Given his excellent performance status he was started on systemic palliative chemotherapy with FOLFIRINOX. Repeat CT imaging after 6 and 12 cycles showed progressive radiological improvement, with near complete resolution of the pulmonary nodules with one remaining residual measurable subpleural nodule in the left lower lobe measuring 0.6 cm (previously measuring 1 cm), as well as interval decrease in the size and number of his liver lesions (see Figure 1). His pancreatic mass also decreased in size. A PET/CT scan demonstrated near-complete resolution of his disease with remaining increased metabolic activity in the tail of the pancreas with an SUV 2.5–2.9 and in the liver with an SUV 3.7. He remains on chemotherapy and is currently being screened for a clinical trial of a PARP inhibitor as a maintenance strategy. His daughter inherited the RAD51C mutation and has been counseled on prophylactic salpingo-oophorectomy at the age of 45–50 years.
The Fanconi Anemia and homologous recombination pathway are activated by replicative stress, particularly DNA damage caused by cross-linking agents or reactive oxygen species. Therefore, a germline mutation in any of the genes in this pathway leads to less effective DNA repair, as shown by its response to DNA damaging agents. Indeed, BRCA1/2 mutation carriers with ovarian or pancreatic cancer show higher response rates to treatment with DNA damaging agents resulting in improved outcome (2,3).
Germline mutations in the RAD51 paralogs have been associated with susceptibility to cancer. Specifically, RAD51C mutations are associated with an estimated increased risk for ovarian cancer corresponding to 9% at age 80 years, with the mean age being approximately 60 years (4). Current NCCN guidelines recommend that prophylactic salpingo-oophorectomy be considered beginning at 45 to 50 years (5). At this time, there is unknown or insufficient evidence for increased risk of other cancer types, though some reports of its contribution to breast cancer in some families exist (3,6).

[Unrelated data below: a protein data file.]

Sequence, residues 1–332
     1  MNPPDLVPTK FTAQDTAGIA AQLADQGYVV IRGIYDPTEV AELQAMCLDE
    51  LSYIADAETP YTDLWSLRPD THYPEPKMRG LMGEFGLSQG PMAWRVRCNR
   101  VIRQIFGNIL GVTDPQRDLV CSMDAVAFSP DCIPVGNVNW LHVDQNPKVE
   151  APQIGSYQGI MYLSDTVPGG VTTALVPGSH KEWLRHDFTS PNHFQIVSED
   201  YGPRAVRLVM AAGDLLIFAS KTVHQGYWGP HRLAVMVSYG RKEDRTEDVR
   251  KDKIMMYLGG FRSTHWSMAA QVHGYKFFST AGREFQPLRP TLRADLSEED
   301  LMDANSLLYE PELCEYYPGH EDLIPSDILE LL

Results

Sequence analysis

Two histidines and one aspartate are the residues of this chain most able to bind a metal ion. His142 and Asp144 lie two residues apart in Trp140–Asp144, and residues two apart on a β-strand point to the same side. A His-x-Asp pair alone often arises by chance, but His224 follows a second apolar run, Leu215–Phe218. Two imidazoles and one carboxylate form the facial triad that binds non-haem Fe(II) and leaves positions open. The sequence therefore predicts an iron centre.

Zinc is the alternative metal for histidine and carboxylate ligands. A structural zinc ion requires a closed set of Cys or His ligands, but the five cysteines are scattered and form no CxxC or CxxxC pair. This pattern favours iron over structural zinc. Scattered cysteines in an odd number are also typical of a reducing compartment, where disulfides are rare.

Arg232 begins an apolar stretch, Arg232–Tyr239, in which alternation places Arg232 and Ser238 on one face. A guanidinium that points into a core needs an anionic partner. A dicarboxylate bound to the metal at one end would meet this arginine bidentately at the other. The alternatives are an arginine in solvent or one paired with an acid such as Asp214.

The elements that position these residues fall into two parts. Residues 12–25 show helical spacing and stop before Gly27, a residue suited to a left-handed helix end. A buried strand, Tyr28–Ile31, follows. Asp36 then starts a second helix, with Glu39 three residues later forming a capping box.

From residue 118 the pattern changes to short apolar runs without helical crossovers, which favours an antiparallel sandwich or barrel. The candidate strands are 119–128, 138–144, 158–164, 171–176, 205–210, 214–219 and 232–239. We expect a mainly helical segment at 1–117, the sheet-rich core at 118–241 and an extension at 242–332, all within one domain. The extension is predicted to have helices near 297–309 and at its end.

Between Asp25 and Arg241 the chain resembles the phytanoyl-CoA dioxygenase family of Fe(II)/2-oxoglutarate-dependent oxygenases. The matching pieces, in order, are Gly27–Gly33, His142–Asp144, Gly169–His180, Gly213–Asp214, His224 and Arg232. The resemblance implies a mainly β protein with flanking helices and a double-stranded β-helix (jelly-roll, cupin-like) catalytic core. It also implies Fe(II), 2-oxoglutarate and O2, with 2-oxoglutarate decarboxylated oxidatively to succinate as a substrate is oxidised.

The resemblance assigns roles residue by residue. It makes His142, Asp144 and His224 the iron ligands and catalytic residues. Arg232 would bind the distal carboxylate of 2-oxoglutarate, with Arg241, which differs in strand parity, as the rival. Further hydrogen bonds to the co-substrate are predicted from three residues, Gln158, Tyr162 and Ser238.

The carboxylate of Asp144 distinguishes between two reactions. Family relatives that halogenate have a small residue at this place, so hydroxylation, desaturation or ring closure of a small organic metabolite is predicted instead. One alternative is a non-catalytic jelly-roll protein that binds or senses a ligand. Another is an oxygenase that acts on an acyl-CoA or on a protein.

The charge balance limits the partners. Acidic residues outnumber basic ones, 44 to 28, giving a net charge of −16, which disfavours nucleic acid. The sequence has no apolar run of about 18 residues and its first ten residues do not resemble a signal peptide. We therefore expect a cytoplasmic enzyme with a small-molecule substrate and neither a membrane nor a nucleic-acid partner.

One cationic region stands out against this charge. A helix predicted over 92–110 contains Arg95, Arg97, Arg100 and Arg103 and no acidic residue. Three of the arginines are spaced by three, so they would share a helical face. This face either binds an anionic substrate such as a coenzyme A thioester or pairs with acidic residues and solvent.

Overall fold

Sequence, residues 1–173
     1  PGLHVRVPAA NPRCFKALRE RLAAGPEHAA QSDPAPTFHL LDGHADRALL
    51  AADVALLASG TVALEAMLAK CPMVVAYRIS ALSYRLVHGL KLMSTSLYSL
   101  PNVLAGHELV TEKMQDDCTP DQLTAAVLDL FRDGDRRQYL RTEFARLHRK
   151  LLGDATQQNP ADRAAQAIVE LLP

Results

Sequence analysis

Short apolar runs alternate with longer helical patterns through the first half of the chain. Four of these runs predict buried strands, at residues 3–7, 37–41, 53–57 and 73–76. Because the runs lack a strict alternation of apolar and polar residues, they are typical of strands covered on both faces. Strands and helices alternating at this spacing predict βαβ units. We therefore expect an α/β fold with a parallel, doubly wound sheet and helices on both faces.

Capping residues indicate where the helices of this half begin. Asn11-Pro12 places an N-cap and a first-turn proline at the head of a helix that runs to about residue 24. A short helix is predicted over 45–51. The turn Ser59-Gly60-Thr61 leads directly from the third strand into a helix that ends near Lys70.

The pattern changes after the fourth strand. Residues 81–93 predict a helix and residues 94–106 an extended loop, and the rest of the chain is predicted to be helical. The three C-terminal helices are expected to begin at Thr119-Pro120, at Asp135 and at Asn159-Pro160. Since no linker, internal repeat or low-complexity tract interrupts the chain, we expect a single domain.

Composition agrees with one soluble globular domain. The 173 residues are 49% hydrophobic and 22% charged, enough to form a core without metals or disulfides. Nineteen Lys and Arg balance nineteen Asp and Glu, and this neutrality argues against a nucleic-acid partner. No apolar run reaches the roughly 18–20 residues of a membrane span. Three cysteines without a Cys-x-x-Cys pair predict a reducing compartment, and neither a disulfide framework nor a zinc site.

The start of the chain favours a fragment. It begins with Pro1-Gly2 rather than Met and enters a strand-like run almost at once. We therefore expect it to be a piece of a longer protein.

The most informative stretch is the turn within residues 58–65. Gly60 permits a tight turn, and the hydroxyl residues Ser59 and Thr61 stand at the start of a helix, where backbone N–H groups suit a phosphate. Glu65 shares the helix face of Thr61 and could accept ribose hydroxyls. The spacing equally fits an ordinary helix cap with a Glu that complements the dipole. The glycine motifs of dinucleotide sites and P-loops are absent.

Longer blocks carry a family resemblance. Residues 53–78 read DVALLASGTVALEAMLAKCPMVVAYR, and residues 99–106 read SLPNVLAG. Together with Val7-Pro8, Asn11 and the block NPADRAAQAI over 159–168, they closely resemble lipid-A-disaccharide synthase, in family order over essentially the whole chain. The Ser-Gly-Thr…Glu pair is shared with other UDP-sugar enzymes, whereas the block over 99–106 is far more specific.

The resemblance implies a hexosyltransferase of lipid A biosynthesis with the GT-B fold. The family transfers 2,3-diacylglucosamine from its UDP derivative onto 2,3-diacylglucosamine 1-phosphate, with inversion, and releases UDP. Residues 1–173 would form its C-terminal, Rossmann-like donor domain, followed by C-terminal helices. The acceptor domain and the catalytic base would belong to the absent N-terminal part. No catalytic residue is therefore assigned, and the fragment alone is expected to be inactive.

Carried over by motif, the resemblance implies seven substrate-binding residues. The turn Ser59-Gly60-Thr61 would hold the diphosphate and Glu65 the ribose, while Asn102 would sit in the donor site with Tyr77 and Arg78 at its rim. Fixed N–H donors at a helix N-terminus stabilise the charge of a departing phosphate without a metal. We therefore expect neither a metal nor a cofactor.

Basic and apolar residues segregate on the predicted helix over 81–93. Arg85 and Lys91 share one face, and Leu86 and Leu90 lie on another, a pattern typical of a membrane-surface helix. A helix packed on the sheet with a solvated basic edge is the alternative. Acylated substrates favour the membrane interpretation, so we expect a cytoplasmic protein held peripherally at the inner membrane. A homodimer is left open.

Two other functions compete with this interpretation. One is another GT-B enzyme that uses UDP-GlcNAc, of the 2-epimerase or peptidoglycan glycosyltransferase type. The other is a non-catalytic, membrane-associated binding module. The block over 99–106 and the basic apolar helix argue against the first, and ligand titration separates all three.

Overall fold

To our knowledge, this is the first reported case of a RAD51C germline mutation in a patient with pancreatic adenocarcinoma. There are reports of RAD51C mutations in patients with GIST and head and neck cancers (7,8). The patient’s remarkable response to platinum-based therapy supports the hypothesis that the RAD51C mutation contributed to the development of his pancreatic cancer (9,10). Platinum agents exert their antineoplastic activity by causing DNA crosslinking. DNA repair of these crosslinks is dependent on both Fanconi anemia (FA) and BRCA proteins, which act in homologous recombination repair pathways (1,11). Therefore, germline and somatic homologous recombination mutations may be predictive of platinum sensitivity (12). Therefore, the inability of the tumor cells to repair the damage cause by the oxaliplatin could explain his excellent response to FOLFIRINOX.
The case described suggests that carriers of RAD51C mutations may be at increased risk to develop pancreatic cancer and that platinum agents may be a useful therapeutic modality in patients with tumors associated with a germline RAD51C mutation. Germline genetic testing in patients with pancreatic adenocarcinoma might help select better agents for therapy and might also impact screening recommendation for family members.
Conflicts of Interest: The authors have no conflicts of interest to declare.
Informed Consent: Written informed consent was obtained from the patient for publication of this manuscript and any accompanying images. A copy of the written consent is available for review.